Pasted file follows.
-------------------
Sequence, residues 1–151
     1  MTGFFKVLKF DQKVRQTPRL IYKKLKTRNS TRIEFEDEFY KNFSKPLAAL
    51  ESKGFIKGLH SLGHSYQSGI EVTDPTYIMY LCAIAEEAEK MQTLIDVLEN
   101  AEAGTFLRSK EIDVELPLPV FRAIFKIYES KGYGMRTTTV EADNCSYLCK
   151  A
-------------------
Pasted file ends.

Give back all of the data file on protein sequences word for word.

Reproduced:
Sequence, residues 1–151
     1  MTGFFKVLKF DQKVRQTPRL IYKKLKTRNS TRIEFEDEFY KNFSKPLAAL
    51  ESKGFIKGLH SLGHSYQSGI EVTDPTYIMY LCAIAEEAEK MQTLIDVLEN
   101  AEAGTFLRSK EIDVELPLPV FRAIFKIYES KGYGMRTTTV EADNCSYLCK
   151  A